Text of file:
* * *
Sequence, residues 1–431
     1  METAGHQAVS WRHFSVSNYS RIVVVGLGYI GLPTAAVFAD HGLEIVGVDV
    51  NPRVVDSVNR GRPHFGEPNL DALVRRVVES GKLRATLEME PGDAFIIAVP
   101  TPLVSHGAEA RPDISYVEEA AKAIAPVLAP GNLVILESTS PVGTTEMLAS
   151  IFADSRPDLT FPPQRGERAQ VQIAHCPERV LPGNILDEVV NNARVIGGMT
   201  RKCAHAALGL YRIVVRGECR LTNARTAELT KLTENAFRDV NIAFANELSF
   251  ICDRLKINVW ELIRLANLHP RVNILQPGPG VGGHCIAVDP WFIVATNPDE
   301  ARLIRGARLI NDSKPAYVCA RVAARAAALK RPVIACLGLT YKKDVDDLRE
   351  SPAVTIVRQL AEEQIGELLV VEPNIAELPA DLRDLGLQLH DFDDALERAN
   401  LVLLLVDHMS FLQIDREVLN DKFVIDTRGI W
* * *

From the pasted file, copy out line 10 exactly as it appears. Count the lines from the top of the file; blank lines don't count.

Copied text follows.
   401  LVLLLVDHMS FLQIDREVLN DKFVIDTRGI W